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Weezer

Sacramentum - Far Away From The Sun (1996)


Far Away From The Sun is one of my top five favorite black metal albums and definitely my favorite so far in what I've heard from the less lo-fi realm. Fans like to throw shade at Sacramentum for doing stuff similar to the most well-known melodic black metal band, Dissection, but I actually prefer this album to anything in Dissection's discography. Skill-wise and compositionally, Dissection might take the cake, but that's not all there is to making good metal. I respect them, but I think they sometimes go a little too over-the-top with their flashy melodies and song structure changes. I don't know, I guess it could be fun, but the guitar work in their music always gives me Dragonforce vibes. Far Away From The Sun is more subdued than either The Somberlain or Storm Of The Light's Bane, but it's not like this compromises the band's ability to make skillful, catchy, and powerful black metal. Aside from being less wank-ish, I also think Sacramentum is the better group because the vocals sound less cheesy and the guitar tones feel heavier. Far Away From The Sun is a legendary melodic black metal album, but it still doesn't seem to get the same kind of love from entry-level lists as it should, so definitely check this out.

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Far Away From The Sun

Teflon - Westwood Click (1995)


Westwood Click is one of the best dirt-quality Memphis hip hop tapes. It is credited to the Graveyard Productions affiliate Teflon, but it functions as a posse album. I guess it's like the Skinny Pimp/Gimisum albums where it's a posse junt credited as a Skinny solo tape. It's also possible that this is a Teflon solo compilation made up of his features on GYP albums, but I am pretty sure these are mostly exclusive cuts with the exception of Black Magic, which also appears on The Havoc (I can't remember all the Lil Grimm/GYP/Children Of The Corn songs off the top of my head, plus the fan-made song names don't help in tracking down overlaps). As for Westwood Click, I am not sure if this is a general name for Graveyard Productions and their affiliates, a nickname, a subgroup, or a parent group, but I don't think there's anything too problematic in assuming it's all essentially the same thing.

Westwood Click is basically just another Children Of The Corn album. It has a bunch of the members as vocal features: most notably Red Dog with a killer set of verses on Black Magic. Grimm's production is haunting and super lo-fi. It sounds like the posse recorded this album, dubbed a bootleg, went and buried it in the woods by some Mississippi swamp, waited three years, and then dug it up--much like the Children Of The Corn 'Single' tape. With its violent lyrics, scary film samples, and themes of witchcraft, the album makes for a prime example of horrorcore, especially of the Memphis flavor. Unlike a lot of the other under-underground Memphis cassettes, Westwood Click isn't semi-forgettable or helped along by its endearing qualities. It's certainly lo-fi and almost completely lost to history, but the rapping and beats are A-grade material.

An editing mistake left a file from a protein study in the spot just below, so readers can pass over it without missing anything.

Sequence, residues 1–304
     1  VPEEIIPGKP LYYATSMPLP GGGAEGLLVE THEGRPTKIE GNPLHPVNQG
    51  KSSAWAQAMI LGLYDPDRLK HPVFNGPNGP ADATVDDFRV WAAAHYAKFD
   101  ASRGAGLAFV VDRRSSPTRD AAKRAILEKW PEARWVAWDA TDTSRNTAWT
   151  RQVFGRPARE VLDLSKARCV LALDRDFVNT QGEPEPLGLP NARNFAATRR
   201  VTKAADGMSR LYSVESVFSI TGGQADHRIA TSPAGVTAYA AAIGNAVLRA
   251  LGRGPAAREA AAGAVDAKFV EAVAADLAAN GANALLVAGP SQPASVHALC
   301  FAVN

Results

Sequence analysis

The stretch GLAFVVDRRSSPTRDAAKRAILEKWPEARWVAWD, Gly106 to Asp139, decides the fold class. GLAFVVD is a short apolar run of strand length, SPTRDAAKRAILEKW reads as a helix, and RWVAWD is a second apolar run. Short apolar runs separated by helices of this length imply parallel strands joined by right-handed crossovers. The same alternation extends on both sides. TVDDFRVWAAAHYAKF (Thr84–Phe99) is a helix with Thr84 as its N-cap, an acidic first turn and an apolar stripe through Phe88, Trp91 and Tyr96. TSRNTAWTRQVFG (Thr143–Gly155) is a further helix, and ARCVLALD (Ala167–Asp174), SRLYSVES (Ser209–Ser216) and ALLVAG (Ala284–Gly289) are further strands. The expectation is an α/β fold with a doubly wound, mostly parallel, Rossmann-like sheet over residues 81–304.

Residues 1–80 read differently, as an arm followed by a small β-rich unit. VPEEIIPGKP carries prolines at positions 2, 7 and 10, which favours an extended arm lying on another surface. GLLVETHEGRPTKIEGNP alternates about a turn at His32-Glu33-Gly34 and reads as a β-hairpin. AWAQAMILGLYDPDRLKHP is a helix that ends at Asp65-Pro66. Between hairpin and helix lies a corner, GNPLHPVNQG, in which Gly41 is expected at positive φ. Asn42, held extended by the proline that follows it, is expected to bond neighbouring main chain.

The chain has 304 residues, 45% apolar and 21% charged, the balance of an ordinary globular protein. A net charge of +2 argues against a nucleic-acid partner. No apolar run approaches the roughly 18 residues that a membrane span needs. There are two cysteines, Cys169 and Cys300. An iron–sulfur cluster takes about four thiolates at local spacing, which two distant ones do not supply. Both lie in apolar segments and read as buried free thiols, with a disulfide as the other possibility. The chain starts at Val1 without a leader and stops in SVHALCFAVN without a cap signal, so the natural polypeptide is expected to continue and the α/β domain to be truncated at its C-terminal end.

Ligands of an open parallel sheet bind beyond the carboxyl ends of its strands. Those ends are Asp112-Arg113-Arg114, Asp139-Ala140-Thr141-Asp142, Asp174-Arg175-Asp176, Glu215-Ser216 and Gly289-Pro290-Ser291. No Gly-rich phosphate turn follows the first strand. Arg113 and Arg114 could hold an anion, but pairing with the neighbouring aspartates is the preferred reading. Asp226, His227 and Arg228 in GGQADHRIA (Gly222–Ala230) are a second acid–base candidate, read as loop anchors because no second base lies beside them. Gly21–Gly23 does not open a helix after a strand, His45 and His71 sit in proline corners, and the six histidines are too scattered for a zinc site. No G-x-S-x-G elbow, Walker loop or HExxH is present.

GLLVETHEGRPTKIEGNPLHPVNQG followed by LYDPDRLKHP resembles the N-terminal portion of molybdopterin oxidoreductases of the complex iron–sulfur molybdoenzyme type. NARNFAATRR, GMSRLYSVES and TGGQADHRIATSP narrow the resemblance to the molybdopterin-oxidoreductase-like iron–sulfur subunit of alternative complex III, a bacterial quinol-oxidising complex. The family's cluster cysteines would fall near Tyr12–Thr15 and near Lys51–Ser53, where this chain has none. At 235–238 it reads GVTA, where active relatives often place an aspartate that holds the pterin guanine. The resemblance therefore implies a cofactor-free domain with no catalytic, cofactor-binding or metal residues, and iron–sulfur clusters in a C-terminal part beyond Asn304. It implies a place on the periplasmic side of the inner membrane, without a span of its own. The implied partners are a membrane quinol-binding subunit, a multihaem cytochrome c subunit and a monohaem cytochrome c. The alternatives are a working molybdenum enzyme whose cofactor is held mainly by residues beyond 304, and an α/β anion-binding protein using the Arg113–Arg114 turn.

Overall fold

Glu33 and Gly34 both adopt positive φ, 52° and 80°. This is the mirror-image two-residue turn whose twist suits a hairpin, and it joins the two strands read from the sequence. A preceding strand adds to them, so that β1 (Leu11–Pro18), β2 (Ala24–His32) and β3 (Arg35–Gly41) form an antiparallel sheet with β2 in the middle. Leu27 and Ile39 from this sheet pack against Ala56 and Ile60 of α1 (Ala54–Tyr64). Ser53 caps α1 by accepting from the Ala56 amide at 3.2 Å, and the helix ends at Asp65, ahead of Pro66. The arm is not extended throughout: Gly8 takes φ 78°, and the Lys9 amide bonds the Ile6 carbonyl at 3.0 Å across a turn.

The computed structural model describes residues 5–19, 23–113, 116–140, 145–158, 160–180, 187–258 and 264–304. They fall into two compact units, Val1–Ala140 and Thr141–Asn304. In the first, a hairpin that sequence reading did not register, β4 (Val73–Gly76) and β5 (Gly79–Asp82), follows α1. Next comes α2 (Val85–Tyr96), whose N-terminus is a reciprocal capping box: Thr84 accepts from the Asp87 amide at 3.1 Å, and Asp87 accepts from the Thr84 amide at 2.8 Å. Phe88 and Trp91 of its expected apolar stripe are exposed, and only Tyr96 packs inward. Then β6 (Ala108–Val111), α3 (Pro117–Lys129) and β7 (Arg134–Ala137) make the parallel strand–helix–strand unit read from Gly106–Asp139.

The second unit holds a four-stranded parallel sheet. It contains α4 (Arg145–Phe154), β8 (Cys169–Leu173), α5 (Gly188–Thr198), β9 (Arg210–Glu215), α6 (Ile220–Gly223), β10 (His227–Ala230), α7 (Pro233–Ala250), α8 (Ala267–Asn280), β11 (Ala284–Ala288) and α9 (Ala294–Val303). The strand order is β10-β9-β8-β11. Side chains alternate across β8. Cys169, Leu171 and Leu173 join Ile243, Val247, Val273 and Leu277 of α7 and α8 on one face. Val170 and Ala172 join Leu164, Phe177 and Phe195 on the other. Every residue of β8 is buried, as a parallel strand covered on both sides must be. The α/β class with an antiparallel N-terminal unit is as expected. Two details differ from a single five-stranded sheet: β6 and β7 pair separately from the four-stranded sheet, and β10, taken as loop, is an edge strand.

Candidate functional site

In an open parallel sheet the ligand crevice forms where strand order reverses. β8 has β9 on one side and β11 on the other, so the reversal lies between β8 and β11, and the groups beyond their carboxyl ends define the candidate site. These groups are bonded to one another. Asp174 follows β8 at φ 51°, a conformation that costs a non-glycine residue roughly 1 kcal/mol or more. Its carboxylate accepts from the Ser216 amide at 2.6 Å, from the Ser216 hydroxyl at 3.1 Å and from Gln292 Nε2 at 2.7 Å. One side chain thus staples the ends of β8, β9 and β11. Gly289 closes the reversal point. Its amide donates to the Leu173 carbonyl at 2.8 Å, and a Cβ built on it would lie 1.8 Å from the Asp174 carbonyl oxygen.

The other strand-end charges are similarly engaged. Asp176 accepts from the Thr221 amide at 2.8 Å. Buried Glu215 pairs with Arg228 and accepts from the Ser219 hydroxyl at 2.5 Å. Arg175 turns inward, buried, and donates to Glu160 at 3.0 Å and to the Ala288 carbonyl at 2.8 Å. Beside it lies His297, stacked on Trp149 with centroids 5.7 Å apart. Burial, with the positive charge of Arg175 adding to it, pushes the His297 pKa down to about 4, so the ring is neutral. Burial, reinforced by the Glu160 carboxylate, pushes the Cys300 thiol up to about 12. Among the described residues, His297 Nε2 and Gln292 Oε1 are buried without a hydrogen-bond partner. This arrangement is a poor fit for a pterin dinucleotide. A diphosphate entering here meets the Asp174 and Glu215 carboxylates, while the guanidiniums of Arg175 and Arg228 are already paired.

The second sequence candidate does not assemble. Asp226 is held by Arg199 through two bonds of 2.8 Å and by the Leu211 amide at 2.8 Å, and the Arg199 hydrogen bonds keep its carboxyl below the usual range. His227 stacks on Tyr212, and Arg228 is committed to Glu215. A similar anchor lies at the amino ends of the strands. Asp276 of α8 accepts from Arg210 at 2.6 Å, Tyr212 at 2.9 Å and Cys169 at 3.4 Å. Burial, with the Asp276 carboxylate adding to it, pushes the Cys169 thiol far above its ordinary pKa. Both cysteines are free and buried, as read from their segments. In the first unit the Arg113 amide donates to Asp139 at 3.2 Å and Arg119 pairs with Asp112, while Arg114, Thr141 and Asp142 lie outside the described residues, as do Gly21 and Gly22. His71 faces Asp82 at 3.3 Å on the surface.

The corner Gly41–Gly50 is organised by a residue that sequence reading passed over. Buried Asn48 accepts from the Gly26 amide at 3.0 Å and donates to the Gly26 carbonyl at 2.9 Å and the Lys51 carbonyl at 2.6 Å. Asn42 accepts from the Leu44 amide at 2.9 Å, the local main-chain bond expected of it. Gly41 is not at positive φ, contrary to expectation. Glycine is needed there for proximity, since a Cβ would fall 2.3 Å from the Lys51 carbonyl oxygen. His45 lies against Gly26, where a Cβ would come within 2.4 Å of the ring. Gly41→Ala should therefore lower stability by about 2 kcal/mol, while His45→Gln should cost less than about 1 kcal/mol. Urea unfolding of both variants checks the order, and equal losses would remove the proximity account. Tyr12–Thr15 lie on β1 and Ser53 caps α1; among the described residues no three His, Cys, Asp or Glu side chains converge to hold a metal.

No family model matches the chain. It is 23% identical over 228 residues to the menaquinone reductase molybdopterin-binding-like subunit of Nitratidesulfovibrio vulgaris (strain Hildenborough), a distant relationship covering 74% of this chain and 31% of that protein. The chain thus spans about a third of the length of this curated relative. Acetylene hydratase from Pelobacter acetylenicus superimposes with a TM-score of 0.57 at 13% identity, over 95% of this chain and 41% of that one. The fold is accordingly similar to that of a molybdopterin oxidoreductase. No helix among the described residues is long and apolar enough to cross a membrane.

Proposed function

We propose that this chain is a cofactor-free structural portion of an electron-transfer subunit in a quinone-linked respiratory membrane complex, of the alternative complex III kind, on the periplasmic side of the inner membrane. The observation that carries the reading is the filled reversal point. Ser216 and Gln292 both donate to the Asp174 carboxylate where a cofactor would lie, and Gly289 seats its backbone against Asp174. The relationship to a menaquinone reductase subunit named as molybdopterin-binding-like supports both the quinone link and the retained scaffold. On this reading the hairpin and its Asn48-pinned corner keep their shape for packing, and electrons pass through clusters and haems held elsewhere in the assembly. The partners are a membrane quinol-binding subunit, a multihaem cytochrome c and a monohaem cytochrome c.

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Westwood Click

Calsutmoran - Emerge From The Mist (2017)


Emerge From The Mist is one of Calsutmoran's most recent EPs and it's guaranteed to melt your body; the first track alone is the musical equivalent of hydroflouric acid raining down on you by the gallon. It seems the more Cal's production career goes on the more he turns up his kicks. Relatively speaking, he's adopted a phonk-ier and more abrasive sound since the days of his 5 Dimensional Mr. Bones EP when he was all about slick psych-trap. I'm not sure what their relationship is like or if they've had any direct influence on each other, but at this point it sounds like Apoc Krysis and Calsutmoran are engaged in a friendly battle of who can turn their kicks up the loudest. Cal's music is still bound to his signature ethereal vibes, but so far this year he's bringing those mechanized and borderline industrial sounds. I doubt I'm off-base when I assume that Calsutmoran's goal is to make his audience think these pieces are produced by aliens, and he's successful in leaving that impression. As I hinted at above, Emerge From The Mist feels like an envelope for the brainfuck of the first track--The Sideshows, but the other inclusions are consistent in style and are also dope as hell. Calsutmoran has released longer and more thorough EPs and albums, but Emerge From The Mist shouldn't be slept on by any means.


Calsutmoran - Auditory Hallucinations (2016)


This dude chose his music alias from Erowid's DXM page, so you know his material is going to be legit right off the bat. I loved the moniker Calsutmoran and had no idea it is the name of an alien encountered by a few people while on a fourth plateau DXM trip until he told me where he got this. Calsutmoran falls within the Memphis revival umbrella, but like the rest of the producers in his and Dragg's Waistdeep Clique, he's really cut out a musical path dissimilar to anyone else in the movement. In a sense, his music is more influenced by psychedelia than it is Memphis hip hop and trap; about all of his track and album names have something to do with hallucinogenic phenomena and the material itself has quite the lucid punch to back it up. I've always thought that Young Thug and his most common producers, London and Metro, have created mixtapes with largely uncredited psychedelic vibes, but Calsutmoran takes the meaning of psychedelic trap to another level. His samples often feel spontaneous--in an almost Syd Barrett way--amidst etherel synths and non-stop floating trap hi-hats. His vocal samples are usually pushed far out with flangers and reverb to really put you in a dream state. Of course all this time in a true 'phonk' fashion, the 808 bass remains agressive and relentless to give those body vibes. Auditory Hallucinations is an album that's both accessible and deep; perfect to have with you whenever you're riding or tripping. This is just one of many Calsutmoran EPs. He's one of the most prolific artists out right now and releases an EP, usually built around its own hallucinogenic concept, every two months or less, so check him out. PS: you might as well cop his whole discog on his Bandcamp as it will be a lot cheaper for a fuck ton of material.